Japan is preparing for the test-run from next January of an emissions-trading market designed to combat global warming.

Environment Ministry sources said the plan will be conducted with the Mie prefectural government and will incorporate about 30 companies. The initiative will allow the ministry to observe such a market before establishing a national market in 2005 or later, the sources said.

Strong opposition to the market remains among business groups, such as the Japan Business Federation (Nippon Keidanren), over fears that the trading regime will restrict corporate activities.

The companies, mostly from the manufacturing sector in Mie Prefecture, are expected to participate in the initiative. They will set their own maximum-emission levels for a year and then buy or sell emission rights based upon whether they come in over or under the limits.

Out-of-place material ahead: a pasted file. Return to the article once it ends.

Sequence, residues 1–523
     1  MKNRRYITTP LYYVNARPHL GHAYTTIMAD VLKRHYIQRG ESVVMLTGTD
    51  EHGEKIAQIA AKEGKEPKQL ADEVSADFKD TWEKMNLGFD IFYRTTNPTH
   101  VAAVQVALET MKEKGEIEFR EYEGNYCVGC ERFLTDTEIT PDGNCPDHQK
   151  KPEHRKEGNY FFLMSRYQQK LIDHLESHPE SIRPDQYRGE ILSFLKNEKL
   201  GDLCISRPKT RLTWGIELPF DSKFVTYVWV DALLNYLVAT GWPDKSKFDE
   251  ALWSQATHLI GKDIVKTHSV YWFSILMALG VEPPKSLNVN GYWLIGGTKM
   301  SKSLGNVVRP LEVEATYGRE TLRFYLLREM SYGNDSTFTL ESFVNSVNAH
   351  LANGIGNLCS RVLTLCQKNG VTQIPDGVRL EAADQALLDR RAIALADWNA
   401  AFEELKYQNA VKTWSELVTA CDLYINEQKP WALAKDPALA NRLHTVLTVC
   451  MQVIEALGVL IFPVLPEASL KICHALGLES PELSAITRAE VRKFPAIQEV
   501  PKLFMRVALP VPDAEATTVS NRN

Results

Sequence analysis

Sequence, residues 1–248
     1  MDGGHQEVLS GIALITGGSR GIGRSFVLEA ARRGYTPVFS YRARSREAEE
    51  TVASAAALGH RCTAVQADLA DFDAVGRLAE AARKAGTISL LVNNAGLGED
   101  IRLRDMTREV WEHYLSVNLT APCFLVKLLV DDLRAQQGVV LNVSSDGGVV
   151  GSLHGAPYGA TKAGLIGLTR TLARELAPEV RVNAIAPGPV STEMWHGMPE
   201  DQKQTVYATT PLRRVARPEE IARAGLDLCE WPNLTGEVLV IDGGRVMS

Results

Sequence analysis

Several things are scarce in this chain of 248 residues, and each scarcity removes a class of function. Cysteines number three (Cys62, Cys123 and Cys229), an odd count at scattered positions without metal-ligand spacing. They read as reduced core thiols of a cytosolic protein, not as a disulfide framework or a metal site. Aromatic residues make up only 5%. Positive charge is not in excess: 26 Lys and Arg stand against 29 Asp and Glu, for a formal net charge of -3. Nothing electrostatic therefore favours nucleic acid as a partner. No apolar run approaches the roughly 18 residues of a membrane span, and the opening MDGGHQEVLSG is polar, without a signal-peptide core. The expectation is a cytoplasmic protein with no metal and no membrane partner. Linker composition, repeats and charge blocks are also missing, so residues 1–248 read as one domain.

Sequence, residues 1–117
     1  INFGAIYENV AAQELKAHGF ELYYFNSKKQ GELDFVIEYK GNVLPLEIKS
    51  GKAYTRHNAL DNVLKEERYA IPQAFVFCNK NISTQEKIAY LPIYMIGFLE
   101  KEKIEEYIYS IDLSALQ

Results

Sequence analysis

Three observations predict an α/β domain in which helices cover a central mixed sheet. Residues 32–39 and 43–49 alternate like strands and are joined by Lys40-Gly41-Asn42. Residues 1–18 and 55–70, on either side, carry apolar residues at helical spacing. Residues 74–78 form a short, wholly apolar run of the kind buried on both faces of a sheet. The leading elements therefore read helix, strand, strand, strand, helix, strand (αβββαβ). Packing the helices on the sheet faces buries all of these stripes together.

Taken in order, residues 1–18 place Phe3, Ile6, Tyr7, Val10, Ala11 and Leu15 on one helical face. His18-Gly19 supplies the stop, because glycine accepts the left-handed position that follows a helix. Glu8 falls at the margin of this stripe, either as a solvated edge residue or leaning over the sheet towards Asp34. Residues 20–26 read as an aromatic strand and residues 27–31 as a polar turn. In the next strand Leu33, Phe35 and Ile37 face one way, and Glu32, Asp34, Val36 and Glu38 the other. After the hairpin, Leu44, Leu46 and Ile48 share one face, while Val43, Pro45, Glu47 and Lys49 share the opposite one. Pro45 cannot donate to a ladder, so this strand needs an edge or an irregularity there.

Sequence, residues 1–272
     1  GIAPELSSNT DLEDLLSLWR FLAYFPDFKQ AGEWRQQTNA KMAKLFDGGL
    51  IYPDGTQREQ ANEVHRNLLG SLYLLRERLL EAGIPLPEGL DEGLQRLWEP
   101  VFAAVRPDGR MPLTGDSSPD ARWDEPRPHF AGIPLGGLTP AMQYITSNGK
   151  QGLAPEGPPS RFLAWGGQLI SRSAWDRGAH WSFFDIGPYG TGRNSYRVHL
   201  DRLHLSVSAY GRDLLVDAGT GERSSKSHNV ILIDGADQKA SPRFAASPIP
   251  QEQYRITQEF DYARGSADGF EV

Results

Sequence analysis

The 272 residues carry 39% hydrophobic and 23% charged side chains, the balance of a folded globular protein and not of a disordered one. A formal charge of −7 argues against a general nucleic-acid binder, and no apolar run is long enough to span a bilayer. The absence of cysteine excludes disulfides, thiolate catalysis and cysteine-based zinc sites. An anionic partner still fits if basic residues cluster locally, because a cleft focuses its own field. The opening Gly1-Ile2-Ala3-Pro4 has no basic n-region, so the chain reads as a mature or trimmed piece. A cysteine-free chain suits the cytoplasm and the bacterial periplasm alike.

The system, in which firms trade carbon dioxide and other global-warming gases they emit, has been adopted in Britain and Denmark, where it is being used as a means to reduce the countries’ overall levels of emissions while at the same time curtailing costs.

A ministry official has declined to name the companies involved in the test program, saying that the participating firms are “in a delicate position that makes it difficult for them to participate publicly.”

Firms will be able to sell their rights to emissions in the new market if they reduce global-warming gases through energy conservation or the introduction of new energy sources.

Those that emit beyond allowable levels, however, must purchase the right to emit the excess amount from other market participants. The emission and reduction levels will be based on participating firms’ declarations.

The market will be run five or six times to compile a report for February, the sources said.

The establishment of the trading regime springs from Japan’s ratification in 2002 of the 1997 Kyoto Protocol on global warming.

The pact requires Japan to cut emissions of such gases between 2008 and 2012 by an average of 6 percent from 1990 levels.

In a time of both misinformation and too much information, quality journalism is more crucial than ever.
By subscribing, you can help us get the story right.